33. Airgram From the Department of State to the Embassy in the United Kingdom1


  • Indian Ocean Talks with British


  • Embtels 3248,2 23793 and previous messages.


State-Defense message. Attached is the preliminary talking paper on Indian Ocean islands which the British requested from us before beginning discussions in London on this subject. The Embassy is requested to review this paper and make any modifications deemed advisable. Substantive changes should, of course, be referred to Washington for State-Defense approval before submission to the British. Otherwise, you should present this paper to the Foreign Office, stating that we are ready to begin discussions in London on February 25 or 26.

There have been several developments concerning the Indian Ocean since these talks were first proposed, including the proposed visits to the area by a carrier task force, and the transfer of theater responsibilities to CINCSTRIKE/CINCMEAFSA. Any discussions with the British on the Indian Ocean will logically relate these various elements in an integrated approach to overall US-UK future intentions in the area. Therefore, while we have kept the attached talking paper focused on the original subject of possible small island bases, we have also inserted some language at the end of it which would permit us to expand the scope of the talks to the extent that we and the British are prepared to do at the time.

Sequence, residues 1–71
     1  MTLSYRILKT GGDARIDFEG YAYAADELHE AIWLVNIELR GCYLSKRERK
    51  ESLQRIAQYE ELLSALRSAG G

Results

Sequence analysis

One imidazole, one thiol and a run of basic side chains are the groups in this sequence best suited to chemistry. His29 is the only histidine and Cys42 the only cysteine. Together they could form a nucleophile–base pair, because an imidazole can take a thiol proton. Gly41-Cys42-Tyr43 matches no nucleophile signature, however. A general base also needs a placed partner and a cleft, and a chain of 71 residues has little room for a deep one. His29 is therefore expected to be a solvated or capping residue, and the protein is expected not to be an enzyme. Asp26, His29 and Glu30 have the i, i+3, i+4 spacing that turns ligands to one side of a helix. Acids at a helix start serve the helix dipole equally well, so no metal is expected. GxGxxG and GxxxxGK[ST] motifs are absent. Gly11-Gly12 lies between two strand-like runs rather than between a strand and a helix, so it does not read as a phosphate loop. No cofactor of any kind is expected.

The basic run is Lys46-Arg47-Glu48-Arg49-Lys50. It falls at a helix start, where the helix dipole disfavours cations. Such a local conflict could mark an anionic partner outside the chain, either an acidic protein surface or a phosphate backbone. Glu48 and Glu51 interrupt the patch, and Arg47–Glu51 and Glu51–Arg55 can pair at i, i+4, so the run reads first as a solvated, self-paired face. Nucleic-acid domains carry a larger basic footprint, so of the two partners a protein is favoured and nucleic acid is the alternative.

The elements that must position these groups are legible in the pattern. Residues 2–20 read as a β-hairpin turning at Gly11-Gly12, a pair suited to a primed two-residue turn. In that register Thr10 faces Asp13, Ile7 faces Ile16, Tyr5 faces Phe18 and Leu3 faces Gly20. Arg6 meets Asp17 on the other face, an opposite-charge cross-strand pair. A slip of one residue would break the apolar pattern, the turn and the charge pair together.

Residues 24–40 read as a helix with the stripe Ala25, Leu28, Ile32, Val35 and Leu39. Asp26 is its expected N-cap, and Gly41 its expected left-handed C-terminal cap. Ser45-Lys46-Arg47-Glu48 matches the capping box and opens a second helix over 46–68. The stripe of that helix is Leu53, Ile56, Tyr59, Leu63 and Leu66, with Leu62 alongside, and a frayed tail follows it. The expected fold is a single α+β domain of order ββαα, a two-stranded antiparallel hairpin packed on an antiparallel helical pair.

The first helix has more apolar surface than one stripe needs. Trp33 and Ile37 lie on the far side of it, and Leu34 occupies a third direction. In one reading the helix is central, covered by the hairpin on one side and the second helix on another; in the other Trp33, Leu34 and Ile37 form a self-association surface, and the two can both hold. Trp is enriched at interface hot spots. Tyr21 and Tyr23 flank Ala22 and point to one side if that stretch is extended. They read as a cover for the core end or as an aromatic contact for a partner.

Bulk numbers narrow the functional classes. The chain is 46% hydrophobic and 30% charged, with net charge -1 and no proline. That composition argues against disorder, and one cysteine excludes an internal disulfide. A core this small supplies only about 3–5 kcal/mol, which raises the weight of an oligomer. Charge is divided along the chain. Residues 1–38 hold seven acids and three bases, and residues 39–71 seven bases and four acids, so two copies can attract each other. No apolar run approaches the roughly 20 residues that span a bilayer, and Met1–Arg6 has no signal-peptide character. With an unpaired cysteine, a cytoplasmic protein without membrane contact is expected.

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The United States interest in exploring certain aspects of the US/UK military posture in the Indian Ocean area arises from an essentially simple proposition. On the one hand, we note a variety of threats to the political stability and security of the area. Among these factors we would include the existence of massive communist military power north of the Indian Ocean periphery with the added prospect of Communist China attaining a nuclear capability in the foreseeable future.